Rook and Raven Gallery, London
17 May – 21 June 2012
All photos: NoLionsInEngland
Stencil artist Penny has captioned his Rook and Raven solo show “Economy of Scale”, it could just as easily have been “Hand Cut” as this description applies to every image on show and blistered, bleeding fingers must be entry price for producing Penny’s stock intricate multi layered paintings
Alice Before The Fall, 10 layer stencil on 64 dollar bills
I don’t know if Penny stresses too about simulating a link with the still trending street art vibe. There have previously been some rather generic Kate Mosses stencilled on outside walls [WRONG – see comments] but this homage to Albrecht Durer’s praying hands down near Brick Lane from about 9 months ago bore a closer relationship to the art Penny has created for this show.
Penny, Brick Lane, 2011
The first thing that stands out is that if you are used to a diet of Banksy, K-Guy and Stewey’s Stencil’s then you won’t have expected anything like the detail, intricacy and graduated toning of Penney’s work. About half of the work has been produced using 7 or more stencil layers, there is a defect in our language if we are forced to use the same label to describe Penny’s and Mr.Farenheit’s work.
If Penny has one trait which might be described as an alignment with Banksy it may be an element of humour in some of the pieces. A lot of the stencils are drawn on the front and reverse of paper currency, old one pound notes and dollar bills and the gag is delivered with the title of the work, including the “Penny Pusher” series in bronze, silver and gold seemingly touching on the Olympic theme dominating the landscape of London this, referencing the huge expense required to stage this sporting fete as Europe tips back into recession and currencies look doomed to fail.
Maybe Euro notes would have potential for future memorabilia value as we drift inexorably towards the neo drachma and the nouveau Franc.
Penny Pusher – Silver, 12 layer stencil on one pound note
Many people have made an exhibit of themselves with one or two layer stencil images on canvas. The more adventurous throw in a bit ofspraypaint “hand finishing”, or as Banksy’s film showed us, in Brainwash’s case you put them all on the floor and ride your wheelchair around while flicking acrylic in the air. Penny goes the extra distance to embellish the routine stencil image, such as creating a masque’d femme fatal with a stunningly iridescent and REAL butterfly.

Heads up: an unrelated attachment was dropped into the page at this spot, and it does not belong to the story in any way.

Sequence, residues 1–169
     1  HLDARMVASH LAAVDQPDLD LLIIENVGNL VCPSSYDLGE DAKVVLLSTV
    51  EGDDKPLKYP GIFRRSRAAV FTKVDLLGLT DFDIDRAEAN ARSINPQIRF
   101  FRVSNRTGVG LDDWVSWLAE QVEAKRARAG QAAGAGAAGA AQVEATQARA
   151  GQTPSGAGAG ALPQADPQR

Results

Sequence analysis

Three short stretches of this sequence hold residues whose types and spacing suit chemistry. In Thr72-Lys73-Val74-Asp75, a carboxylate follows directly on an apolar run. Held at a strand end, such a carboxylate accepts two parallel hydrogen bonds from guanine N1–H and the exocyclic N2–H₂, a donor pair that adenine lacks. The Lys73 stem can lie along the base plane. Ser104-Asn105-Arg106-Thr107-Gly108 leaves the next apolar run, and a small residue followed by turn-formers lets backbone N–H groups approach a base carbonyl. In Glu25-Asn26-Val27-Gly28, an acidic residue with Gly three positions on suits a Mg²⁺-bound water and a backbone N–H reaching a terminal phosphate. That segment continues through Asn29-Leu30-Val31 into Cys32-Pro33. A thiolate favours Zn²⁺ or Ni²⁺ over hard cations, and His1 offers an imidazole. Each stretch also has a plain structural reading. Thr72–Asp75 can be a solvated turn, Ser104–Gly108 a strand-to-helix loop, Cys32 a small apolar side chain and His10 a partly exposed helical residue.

Reborn, 2 layer stenil, spray paint on glass, framed over “genuine” butterfly
Penny has another novel use for stencils up his sleeve which is to frame the stencil layers alongside the artwork, the effect of depth and cut is a bit like those dissected antique books you see around, we love the effect of the layers, sadly that doesn’t show in the photo below which completely flattens the strata.
Maia In Spring, 10 layer stencil, spray paint, dollar bills
Skeleton Stencil – “Maia In Spring” 10 layer stencil
And for completeness, a couple of installation elements gave an element of interactivity, by rolling pennies in the machine you might get a Penny badge out of the hopper, couldn’t get near the thing for all the obsessives thrusting their coins into the slots.
These “Penny Shop Pick and Mix” pieces invited you to select your own personal combination from 5 eyes, noses and mouths on dollar bills to make you own preferred Penny face combo. The idea is that the choice is from an open ended but signed edition for the duration of the show. For a mere £31,250 you could have one of each of the 125 different possible combinations and perhaps the artist could be persuaded to stencil a “CERTIFIED INSANE “ piece as well.
Penny Shop – Pick and Mix
The list for the pictures has the word “hand cut” against every single stencil image. Penny is telling us he is a Master. No prisoners, no short cuts. On the end of Penny’s arm a very calloused exacto finger is plotting its revenge.
Kali – 13 layer hand cut stencil, spraypaint, uncut sheet of dollar bills
There has been an excess of reference to Banksy in this post but any artist operating in the stencil space has to contend with the enormous shadow that Banksy throws over the genre. Rook and Raven is a large upstairs and downstairs space which must be a daunting challenge for an individual artist but there isn’t a crap image in sight, they’d all pass muster as fine art if drawn or painted by any other technique. Then you remember this is stencil work and you have to admire the quality and intricacy of Penny’s use of the form.
Iris In The Dark